The South Australian Aboriginal Advisory Council (SAAAC) was established in November 2005 as an interim council to investigate and recommend structures through which the state government could engage with Aboriginal people in matters of Aboriginal affairs’ programs and policy.

In May 2007 the interim SAAAC recommended that an ongoing Aboriginal Advisory Council be convened as a key engagement mechanism between South Australian Aboriginal people and the state government, and that a Commissioner for Aboriginal Engagement be appointed. The government formally adopted these recommendations in December 2007.


The council comprises up to 10 Aboriginal people who are appointed by the Premier for a term of two years. Membership is determined through a public nomination process that is open to all Aboriginal people who are South Australian residents.

Current members of the council are:

  • Ms Sharron Williams (Chair)
  • Mr Marcellus Enalanga (Deputy Chair)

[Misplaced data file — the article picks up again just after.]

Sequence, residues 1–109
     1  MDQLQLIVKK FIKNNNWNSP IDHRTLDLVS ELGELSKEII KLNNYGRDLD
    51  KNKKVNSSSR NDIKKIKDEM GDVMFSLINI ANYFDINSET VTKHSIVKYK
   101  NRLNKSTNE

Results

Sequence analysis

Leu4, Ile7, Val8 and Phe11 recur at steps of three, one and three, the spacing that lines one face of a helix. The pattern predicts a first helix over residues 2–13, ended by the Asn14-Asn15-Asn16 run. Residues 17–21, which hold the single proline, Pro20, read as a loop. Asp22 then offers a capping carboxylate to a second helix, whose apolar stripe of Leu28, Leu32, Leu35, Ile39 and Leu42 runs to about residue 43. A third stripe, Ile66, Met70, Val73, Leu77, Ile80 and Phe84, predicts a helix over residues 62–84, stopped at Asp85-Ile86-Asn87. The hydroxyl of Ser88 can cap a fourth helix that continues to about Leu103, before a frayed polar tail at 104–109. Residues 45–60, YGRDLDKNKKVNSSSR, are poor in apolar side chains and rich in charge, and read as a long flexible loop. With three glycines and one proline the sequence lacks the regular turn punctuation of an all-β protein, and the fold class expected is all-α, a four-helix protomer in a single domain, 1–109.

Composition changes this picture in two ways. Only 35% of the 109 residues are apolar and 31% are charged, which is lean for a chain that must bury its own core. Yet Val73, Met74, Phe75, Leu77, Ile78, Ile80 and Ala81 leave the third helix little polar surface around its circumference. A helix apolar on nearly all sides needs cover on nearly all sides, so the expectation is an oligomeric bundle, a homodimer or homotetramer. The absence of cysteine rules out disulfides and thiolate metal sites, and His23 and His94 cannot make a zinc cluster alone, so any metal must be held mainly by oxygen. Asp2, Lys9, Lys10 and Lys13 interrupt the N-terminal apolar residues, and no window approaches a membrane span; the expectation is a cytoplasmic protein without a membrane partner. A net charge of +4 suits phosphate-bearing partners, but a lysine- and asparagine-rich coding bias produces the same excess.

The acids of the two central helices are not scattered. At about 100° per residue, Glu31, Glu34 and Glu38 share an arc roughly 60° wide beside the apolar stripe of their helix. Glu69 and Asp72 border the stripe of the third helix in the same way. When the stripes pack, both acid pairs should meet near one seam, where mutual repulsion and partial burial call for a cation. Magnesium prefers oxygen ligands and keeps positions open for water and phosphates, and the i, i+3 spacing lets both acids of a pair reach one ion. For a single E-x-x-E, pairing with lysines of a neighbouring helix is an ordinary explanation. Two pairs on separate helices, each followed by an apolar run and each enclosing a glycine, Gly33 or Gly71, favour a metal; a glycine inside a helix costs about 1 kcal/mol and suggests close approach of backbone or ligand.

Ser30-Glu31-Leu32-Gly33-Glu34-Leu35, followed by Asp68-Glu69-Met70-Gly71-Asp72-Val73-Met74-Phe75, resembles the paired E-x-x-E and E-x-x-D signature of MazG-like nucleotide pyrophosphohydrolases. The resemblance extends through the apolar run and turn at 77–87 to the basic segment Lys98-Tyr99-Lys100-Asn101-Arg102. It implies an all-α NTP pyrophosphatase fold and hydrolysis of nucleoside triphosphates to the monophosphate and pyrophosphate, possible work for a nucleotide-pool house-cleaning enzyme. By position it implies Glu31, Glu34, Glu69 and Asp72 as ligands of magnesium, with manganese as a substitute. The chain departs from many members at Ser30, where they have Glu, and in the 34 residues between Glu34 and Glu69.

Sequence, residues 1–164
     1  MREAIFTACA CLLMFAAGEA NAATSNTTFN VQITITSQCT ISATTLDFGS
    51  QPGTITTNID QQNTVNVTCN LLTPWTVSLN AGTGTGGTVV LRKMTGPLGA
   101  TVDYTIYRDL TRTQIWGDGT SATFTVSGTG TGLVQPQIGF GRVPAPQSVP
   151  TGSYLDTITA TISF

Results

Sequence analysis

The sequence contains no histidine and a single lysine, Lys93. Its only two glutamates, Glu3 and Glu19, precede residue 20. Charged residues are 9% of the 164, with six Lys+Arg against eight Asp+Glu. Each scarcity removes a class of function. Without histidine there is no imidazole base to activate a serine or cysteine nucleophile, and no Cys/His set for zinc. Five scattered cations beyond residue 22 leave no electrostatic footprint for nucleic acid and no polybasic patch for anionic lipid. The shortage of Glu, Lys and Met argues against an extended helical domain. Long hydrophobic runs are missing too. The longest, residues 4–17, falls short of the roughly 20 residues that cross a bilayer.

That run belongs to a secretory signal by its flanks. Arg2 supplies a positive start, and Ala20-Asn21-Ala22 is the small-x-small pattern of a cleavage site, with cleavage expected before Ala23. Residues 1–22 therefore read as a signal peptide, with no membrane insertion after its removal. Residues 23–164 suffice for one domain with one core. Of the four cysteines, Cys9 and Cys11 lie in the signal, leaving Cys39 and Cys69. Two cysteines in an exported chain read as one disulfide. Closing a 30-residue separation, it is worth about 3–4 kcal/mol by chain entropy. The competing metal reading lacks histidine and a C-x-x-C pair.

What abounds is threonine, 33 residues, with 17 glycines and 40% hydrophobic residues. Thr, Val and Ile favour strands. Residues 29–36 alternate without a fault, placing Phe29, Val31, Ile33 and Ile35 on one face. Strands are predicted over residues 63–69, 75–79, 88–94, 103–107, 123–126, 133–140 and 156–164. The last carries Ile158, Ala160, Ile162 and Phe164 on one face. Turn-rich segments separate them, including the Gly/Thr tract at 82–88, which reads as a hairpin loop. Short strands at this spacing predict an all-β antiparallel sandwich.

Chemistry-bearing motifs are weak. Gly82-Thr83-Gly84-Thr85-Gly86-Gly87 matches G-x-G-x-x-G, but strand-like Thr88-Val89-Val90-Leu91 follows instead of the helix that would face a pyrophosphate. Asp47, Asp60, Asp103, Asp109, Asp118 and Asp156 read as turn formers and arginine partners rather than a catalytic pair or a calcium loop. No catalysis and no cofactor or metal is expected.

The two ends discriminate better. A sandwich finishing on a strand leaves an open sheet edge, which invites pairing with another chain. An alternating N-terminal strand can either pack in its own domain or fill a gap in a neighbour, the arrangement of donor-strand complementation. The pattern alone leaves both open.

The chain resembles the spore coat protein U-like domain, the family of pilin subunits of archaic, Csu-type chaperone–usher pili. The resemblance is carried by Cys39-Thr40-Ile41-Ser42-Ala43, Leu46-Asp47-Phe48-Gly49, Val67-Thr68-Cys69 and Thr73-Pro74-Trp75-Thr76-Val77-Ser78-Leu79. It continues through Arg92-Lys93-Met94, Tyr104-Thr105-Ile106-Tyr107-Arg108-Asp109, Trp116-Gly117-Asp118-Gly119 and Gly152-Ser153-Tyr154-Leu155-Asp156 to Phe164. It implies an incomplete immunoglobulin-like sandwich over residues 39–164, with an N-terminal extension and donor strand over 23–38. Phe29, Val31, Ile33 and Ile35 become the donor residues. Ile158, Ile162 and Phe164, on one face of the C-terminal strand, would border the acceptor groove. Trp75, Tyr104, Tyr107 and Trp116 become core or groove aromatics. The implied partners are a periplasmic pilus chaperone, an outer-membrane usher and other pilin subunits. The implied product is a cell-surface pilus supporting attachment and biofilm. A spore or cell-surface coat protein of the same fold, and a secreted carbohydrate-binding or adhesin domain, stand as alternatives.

• Mr Joel Bayliss
  • Mr Richard Callaghan
  • Ms Glenise Coulthard
  • Ms Michelle Hopkins
  • Mr Wayne Miller
  • Ms Tracy Rigney
  • Ms Aileen Shannon
  • Mr Dean Walker.

The current make-up of the council is broadly representative of the South Australian Aboriginal community – it includes members from a range of language groups, a gender balance, a mix of younger and older members and representation from metropolitan Adelaide, regional and remote South Australia (including the APY Lands).


The council meets approximately six times per year, with executive support provided by Aboriginal Affairs and Reconciliation.

In addition to the council’s formal meetings, the Chair meets regularly with the Minister, Chief Executives and other senior South Australian Government officers, the Co-Commissioners for Aboriginal Engagement and key Aboriginal stakeholders.

Since 2013, the Chair and Deputy Chair have also attended meetings of the Chief Executives Group on Aboriginal Affairs.

Ongoing role

The role of the Aboriginal Advisory Council is to:

  • provide the government with advice on existing programs and policies as they affect Aboriginal people
  • identify and inform the government of emerging issues that will affect Aboriginal people from both metropolitan and regional perspectives
  • provide the government with advice on the development and implementation of future policies and services concerning Aboriginal people
  • provide advice to government agencies about appropriate consultation processes with Aboriginal communities
  • maintain links with other relevant advisory bodies.